Election day is Tuesday, November 5. If you need more information about local elections, you can visit the Mecklenburg Board of Elections website here.

Eric


– A specific agenda item you want to work on if elected:  We need a magistrate in Huntersville.  Our town has over 56,000 residents and growing. It is almost a 16-mile drive one way from the Huntersville Police Department to the Mecklenburg County Courthouse where our magistrates are housed. Our law enforcements’ time matters. A domestic violence victim’s time matters. By having a Magistrate in Huntersville, it will help keep our town safer.

 

– For challengers – one specific vote over the last two years you disagreed with and why:  “Town of Huntersville Public Records Fee” was on the 9/16/19 agenda. After backlash from the public who thought it was terrible to charge citizens a fee for public records, the item was removed from the agenda and never discussed. While it felt like a small victory for transparency, I wish this measure had been voted upon so we knew where the commissioners stood. After the new board is sworn in, this measure could resurface and infringe on our rights. If I am elected I would always oppose such measures.

 

– What is the proper role of town government and do you think there is any limit to what town government can use taxpayer dollars for:  The proper role of town government is to help the town run smoother and stay the course of long term success. I believe that the town government should be a good steward of tax dollars and be cautious and mindful how money is spent, because it belongs to the citizens.

 

– If not running on an anti-growth platform, how do you plan to deal with growth challenges if elected?:  Huntersville is growing and will continue to grow.  We need to be focused on being a town that is a great place to live and work and avoid becoming a commuter town where people live here, but shop and work in other towns.  Huntersville needs to be proactive in being business friendly, but not just to large corporations, we need to treat small businesses with as much enthusiasm as the big companies, because this will help Huntersville keep its charm.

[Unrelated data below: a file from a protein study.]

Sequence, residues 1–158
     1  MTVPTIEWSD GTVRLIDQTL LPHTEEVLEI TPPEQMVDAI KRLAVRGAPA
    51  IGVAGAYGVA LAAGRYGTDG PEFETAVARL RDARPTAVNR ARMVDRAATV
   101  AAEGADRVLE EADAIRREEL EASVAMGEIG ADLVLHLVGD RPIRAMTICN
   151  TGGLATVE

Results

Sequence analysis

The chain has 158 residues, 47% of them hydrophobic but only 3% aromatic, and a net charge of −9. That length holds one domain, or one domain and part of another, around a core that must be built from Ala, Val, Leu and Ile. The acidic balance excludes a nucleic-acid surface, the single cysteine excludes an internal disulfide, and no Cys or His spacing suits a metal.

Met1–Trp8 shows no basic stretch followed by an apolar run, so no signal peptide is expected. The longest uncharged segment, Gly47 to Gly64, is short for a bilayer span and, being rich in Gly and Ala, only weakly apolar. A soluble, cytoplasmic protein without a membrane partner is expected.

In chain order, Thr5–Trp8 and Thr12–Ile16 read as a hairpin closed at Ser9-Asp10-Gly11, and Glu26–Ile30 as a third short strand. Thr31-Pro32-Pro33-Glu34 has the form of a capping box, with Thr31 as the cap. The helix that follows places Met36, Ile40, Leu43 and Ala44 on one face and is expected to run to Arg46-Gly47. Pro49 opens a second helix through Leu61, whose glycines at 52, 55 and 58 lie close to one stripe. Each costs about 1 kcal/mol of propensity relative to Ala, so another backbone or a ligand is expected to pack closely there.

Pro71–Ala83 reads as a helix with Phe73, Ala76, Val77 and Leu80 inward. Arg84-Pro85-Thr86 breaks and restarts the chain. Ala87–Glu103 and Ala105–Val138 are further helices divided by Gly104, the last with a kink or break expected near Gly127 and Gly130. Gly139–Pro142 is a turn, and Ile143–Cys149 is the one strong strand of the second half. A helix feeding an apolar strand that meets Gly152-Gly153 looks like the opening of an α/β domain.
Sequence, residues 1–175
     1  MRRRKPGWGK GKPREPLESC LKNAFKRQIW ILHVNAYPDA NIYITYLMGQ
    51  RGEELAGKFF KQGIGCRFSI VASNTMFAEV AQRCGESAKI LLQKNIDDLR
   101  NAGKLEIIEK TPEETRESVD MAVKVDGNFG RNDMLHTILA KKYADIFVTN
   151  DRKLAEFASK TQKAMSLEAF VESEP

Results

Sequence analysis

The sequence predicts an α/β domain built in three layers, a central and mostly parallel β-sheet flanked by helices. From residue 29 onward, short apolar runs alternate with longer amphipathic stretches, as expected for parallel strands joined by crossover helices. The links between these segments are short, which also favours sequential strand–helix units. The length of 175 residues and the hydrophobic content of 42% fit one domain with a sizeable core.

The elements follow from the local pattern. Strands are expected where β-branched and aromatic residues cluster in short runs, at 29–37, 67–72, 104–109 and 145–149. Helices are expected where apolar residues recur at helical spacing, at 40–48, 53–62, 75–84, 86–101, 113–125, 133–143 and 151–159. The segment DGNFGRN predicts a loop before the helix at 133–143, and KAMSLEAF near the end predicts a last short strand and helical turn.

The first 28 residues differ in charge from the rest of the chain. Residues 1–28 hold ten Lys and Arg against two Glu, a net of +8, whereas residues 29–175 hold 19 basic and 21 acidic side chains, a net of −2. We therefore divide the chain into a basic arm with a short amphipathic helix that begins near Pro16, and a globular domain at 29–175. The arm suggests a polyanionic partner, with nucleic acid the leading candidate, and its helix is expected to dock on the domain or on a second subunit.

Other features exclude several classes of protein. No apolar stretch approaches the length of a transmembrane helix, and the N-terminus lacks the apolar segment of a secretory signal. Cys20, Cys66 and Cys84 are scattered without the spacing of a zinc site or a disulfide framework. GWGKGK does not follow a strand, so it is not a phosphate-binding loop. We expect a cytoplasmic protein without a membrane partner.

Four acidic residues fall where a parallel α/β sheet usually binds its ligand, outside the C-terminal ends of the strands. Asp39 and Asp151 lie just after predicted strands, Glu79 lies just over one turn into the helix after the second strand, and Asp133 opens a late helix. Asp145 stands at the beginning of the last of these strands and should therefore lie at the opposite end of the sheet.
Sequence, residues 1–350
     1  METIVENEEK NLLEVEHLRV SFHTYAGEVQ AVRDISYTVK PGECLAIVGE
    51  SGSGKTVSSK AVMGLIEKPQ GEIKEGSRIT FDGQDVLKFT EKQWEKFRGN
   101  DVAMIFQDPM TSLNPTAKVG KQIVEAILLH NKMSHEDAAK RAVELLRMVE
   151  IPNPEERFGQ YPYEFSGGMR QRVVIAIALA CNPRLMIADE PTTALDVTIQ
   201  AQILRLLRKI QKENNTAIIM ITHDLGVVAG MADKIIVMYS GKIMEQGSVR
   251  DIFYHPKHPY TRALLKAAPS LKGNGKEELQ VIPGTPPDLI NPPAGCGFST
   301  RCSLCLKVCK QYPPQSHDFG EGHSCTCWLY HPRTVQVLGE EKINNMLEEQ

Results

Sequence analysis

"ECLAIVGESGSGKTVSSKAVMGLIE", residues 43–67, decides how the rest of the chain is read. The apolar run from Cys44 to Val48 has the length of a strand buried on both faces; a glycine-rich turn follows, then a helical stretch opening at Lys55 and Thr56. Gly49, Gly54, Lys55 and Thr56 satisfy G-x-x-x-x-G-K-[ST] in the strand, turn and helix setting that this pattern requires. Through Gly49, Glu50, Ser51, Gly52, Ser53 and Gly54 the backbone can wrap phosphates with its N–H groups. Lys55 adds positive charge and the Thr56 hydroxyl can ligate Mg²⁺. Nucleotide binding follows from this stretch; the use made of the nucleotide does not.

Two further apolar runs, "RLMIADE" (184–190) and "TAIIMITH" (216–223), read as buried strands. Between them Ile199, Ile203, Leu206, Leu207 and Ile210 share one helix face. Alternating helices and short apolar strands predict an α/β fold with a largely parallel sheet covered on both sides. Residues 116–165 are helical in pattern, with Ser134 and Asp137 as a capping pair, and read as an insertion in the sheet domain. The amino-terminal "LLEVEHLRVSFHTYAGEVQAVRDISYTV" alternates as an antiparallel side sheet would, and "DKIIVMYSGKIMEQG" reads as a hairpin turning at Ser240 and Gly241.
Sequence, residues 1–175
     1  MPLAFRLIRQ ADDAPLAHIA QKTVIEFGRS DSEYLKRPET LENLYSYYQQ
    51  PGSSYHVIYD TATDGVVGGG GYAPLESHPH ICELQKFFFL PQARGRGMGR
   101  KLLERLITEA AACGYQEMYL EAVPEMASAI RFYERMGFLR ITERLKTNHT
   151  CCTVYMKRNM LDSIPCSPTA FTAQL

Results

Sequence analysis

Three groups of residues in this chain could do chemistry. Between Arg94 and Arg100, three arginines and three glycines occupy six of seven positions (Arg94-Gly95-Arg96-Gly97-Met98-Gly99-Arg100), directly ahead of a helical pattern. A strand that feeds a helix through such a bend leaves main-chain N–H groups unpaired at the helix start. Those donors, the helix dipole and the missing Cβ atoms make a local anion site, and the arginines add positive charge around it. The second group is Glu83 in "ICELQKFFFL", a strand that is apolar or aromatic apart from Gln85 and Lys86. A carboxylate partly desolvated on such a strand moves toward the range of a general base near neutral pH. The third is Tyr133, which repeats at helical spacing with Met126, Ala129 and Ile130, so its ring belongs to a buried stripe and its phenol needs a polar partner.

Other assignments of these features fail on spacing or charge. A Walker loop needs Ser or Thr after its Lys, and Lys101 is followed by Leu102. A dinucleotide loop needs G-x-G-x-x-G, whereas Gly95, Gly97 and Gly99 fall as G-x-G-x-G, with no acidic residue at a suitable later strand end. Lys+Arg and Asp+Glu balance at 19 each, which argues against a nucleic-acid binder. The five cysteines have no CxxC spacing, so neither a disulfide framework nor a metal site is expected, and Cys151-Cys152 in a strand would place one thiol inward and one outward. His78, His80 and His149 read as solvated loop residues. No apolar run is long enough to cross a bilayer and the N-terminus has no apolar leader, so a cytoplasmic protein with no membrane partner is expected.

– Should town government select winners and losers in business by providing tax incentives/tax rebates to certain companies over others:  Absolutely not. As I mentioned above, we need to treat small businesses as well as we treat the large companies. Instead of providing tax incentives, we should streamline the planning process, which would save companies (large or small) money and help them reach their goals quicker. 

 

– Are you hoping to benefit yourself personally if elected? If yes, explain. If no, one example of prioritizing Huntersville over your own self-interests:  If elected I must bring on help at my business to cover the hours I can’t work and take a loss in getting paid myself. However, I love this town and I want to ensure that we go the right path so citizens don’t get priced out of living here and all citizens know that they have an ear that will truly listen and fight for them.

 

– If elected, is it more important to you to vote the will of the people (however that is determined) or to vote your conscience (except when the board is acting as a quasi-judicial body):  I think it’s more important to do both. However, I would never take any vote lightly, never dismiss the input of citizens, and would always put Huntersville first.